FiftyThree’s press kit
via FiftyThree

A press kit isn’t strictly only for reporters or publications either. Anyone who wants to talk about or promote your business has the tools to make it easier for them. Whether that’s someone with a podcast, someone with a personal blog, or someone sharing your story in a community they are active in.

However, a press kit is not a way to guarantee press for your business, it’s a way to make getting press a little bit easier. When you’re networking and reaching out to publications, you will always have your press kit to refer to and direct reporters to. When you do most of the work for reporters up front, they’ll be more receptive to your pitch for press on their website or publication. Plus, it looks  professional and makes you more appealing to write about.

Besides directing reporters to your press kit page, your press kit page should be easily accessible on your website. You might not want to put a link to it in your main navigation, but it’s a good idea to include a “press”, “press kit” or “media kit” link in the footer of your website. Most reporters and publishers will know to look for it there as that is a common place for the press kit link.

via Holstee

What Makes A Good Press Kit?

What you put in your press kit will vary depending on your business and what you have to work with. There are a few essentials that I recommend as well as a few “nice to haves” if it is possible or available to put in your press kit.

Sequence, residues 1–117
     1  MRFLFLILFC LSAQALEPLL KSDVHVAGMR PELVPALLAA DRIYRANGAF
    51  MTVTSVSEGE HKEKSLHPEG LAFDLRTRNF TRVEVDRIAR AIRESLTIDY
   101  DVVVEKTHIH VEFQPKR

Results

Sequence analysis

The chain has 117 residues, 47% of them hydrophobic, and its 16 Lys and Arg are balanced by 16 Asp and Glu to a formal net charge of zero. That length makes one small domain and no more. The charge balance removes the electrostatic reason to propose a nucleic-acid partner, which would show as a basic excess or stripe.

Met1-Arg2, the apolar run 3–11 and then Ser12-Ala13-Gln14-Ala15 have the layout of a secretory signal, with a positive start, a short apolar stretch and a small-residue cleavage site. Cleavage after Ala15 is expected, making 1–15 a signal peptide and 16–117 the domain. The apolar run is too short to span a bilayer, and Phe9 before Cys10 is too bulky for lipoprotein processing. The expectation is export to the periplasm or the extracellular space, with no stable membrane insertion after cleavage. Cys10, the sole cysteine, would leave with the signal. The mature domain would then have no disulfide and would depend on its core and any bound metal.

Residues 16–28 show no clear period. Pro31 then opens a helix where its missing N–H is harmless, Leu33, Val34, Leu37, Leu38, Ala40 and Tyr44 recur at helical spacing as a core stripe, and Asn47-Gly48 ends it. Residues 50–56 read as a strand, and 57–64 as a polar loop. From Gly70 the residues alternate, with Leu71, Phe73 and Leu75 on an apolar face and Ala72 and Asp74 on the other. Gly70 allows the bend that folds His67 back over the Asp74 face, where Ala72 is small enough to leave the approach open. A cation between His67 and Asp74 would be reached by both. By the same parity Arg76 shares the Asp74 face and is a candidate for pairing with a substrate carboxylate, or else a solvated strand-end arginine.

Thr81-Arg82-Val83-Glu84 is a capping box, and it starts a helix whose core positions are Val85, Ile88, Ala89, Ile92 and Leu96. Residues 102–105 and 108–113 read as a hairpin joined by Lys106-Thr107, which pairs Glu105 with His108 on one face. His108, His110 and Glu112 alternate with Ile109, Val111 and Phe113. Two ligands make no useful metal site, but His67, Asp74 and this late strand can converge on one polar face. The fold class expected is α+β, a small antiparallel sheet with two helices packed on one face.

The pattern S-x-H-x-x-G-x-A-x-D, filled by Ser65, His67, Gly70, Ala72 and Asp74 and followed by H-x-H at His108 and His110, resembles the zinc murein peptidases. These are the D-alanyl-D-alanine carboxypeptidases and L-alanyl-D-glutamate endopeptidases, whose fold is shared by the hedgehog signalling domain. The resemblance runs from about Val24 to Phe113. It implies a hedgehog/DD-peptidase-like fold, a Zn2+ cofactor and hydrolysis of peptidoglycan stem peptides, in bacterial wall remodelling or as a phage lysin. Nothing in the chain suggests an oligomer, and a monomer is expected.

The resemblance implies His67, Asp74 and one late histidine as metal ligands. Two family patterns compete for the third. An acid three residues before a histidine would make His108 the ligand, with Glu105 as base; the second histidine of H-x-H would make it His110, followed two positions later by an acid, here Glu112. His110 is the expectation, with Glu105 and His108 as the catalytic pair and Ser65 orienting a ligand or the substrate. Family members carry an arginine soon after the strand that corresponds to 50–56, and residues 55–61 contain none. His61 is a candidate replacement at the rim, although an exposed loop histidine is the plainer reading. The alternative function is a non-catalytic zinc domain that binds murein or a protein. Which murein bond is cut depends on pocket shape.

Essentials

  • Your story: Share your story, how your business came to be and a little about yourself and why you’re doing what you’re doing.
  • Company facts: How many customers have you served? How long have you been in business? How many units have you sold? What year did your business start? Any other facts or figures that you can share with reporters? Where is your business located? Where is your product manufactured?
  • Large, high-resolution images of your logo and branding: Make it easy for content publishers to use your logo or create graphics using your logo by providing options. Provide high quality, high resolution graphics that also include a transparent background to make your graphics easy to use for nearly any purpose including print. If applicable, include a download to the raw, vector file.
via FiftyThree

  • People in your team: If there’s anyone else in your business besides yourself, share their story and their role and how they got involved in your business.
  • Samples of articles/press: Show reporters other articles and publications that you or your business has been featured in or talked about. These can be blog posts, interviews, magazine articles, press releases, and articles on other websites. This gives people interested in talking about your business on their website, something to work from.